Groom of counsel David Ashner was featured in the PLANADVISER article, “Part-Time Retirement Eligibility Proposal Seeks to Clarify Complex Legislation,” and the PLANASPONSOR article, “IRS Proposes Part-Time Eligibility Rules per SECURE Legislation,” where he simplified the Internal Revenue Service’s (“IRS”) November 2023 rule proposal clarifying part-time eligibility requirements outlined in the SECURE Act and SECURE 2.0.
According to PLANADVISER and PLANSPONSOR, Ashner said that “per the text of the SECURE Act, this provision came into effect on January 1, 2021, which means that as of January 1, 2024, employees who have served 500 or more hours each year in the meantime must be enrolled in plans unless they are disqualified for another reason.”
The platforms reported that, according to Ashner, “If the employer does offer contributions ‘and there’s a vesting schedule, an LTPT employee gets a year of vesting if they work 500 hours in a 12-month period. They can’t be required to work 1,000 for vesting purposes.’”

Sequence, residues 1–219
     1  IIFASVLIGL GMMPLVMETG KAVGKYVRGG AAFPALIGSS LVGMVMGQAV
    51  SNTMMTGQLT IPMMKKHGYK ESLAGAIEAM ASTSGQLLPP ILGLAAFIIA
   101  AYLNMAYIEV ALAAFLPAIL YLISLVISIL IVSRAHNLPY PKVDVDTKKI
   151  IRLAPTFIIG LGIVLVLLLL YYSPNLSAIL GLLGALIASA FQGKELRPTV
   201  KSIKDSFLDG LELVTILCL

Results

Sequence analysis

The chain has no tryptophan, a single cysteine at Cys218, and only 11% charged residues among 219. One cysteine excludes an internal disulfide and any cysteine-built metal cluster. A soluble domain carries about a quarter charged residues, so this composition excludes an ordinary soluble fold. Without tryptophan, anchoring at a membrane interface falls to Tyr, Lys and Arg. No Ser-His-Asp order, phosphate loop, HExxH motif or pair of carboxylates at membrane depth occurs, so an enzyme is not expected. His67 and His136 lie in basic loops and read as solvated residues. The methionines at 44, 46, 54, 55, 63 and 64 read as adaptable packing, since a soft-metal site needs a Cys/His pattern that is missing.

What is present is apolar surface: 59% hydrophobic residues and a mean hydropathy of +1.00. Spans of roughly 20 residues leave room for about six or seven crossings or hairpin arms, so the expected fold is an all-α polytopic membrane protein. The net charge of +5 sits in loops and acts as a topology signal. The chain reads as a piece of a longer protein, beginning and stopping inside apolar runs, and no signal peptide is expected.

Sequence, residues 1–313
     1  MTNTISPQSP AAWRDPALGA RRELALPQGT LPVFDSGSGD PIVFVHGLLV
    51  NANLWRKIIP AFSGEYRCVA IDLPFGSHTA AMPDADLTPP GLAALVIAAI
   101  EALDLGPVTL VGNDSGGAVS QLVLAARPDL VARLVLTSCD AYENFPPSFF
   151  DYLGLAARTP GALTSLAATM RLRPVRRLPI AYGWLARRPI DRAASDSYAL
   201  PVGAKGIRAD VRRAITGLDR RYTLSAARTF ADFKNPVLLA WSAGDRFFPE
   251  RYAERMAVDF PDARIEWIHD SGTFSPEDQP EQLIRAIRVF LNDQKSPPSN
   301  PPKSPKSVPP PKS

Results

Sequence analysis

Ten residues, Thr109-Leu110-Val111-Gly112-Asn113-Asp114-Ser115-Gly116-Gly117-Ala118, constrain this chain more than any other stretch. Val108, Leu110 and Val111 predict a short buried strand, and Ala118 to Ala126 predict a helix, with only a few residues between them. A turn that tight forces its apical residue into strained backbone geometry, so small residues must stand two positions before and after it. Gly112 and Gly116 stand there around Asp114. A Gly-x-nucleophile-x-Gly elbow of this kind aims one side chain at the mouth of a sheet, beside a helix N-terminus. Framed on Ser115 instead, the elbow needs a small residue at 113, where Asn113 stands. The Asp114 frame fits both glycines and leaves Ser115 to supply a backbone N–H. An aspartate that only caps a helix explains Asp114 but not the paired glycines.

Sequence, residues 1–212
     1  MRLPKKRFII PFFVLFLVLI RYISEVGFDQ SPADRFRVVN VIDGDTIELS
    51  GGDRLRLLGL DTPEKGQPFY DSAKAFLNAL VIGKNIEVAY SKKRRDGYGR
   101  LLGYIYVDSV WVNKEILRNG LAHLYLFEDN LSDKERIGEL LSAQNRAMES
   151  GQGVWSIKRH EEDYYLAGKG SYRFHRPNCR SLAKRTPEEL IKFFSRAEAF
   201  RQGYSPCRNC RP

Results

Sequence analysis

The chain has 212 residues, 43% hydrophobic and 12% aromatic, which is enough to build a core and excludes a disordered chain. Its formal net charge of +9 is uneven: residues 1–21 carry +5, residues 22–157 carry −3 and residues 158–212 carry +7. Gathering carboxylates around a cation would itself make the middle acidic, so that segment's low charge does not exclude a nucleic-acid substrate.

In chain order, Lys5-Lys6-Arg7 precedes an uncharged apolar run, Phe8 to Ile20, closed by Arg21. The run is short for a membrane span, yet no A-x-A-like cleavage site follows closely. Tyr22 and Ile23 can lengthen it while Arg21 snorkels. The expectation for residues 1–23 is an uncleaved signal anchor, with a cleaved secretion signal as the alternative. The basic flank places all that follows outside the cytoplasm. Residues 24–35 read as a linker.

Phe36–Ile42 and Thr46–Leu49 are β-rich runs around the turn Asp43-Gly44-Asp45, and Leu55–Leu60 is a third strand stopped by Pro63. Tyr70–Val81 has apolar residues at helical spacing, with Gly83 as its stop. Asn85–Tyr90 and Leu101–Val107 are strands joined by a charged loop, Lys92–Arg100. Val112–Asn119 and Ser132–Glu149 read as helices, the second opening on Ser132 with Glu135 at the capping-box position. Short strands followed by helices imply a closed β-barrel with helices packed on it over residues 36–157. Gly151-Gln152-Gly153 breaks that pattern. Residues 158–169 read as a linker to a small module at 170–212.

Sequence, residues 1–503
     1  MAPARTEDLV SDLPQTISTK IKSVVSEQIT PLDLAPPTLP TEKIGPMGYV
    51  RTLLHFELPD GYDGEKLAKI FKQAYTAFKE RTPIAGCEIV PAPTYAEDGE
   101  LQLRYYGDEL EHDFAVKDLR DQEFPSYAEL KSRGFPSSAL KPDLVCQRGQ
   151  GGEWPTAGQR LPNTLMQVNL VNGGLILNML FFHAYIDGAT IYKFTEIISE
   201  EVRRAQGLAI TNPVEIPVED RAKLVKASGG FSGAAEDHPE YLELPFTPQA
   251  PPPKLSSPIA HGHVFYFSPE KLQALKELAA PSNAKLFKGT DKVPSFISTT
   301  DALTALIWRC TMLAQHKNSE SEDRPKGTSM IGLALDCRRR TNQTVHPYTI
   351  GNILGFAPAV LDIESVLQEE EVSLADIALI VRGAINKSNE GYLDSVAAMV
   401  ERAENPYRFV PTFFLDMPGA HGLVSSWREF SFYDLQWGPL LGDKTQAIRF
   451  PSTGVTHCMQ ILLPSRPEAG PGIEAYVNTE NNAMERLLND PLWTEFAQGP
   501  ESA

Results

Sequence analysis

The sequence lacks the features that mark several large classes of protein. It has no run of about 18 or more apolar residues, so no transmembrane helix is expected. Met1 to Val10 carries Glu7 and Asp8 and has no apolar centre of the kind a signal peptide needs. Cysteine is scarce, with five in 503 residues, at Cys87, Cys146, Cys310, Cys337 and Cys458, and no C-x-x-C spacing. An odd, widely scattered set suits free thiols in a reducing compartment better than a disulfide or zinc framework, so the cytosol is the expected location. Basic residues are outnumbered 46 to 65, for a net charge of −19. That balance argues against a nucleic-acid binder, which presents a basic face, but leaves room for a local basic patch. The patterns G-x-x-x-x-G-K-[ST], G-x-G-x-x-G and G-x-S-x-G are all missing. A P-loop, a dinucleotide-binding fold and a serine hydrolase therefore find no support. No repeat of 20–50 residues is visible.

PLANADVISER and PLANSPONSOR included that Ashner said that “DC plan eligibility conditions based on employer classifications are still valid under the proposal, provided they are not merely a proxy to exclude participants based on age or service. For example, a class exemption for intern employees or for a branch of a business based in a college town—which effectively removes part-time or young adult participants by proxy—may be challenged by the IRS.”
PLANADVISER and PLANSPONSOR further reported that “an eligibility condition may not have ‘the effect of imposing an age or service requirement,’” according to Ashner.
The platforms wrote that Ashner said that “the statutory requirement under the first SECURE Act is effective on January 1, 2024.” He added that “the proposed regulation is not technically effective; the regulation will need to be finalized after notice and comment before it can be made effective. But the proposed regulation reflects how the IRS is likely to interpret the statute (subject to any changes in the final rule), so plans should pay attention to the guidance.”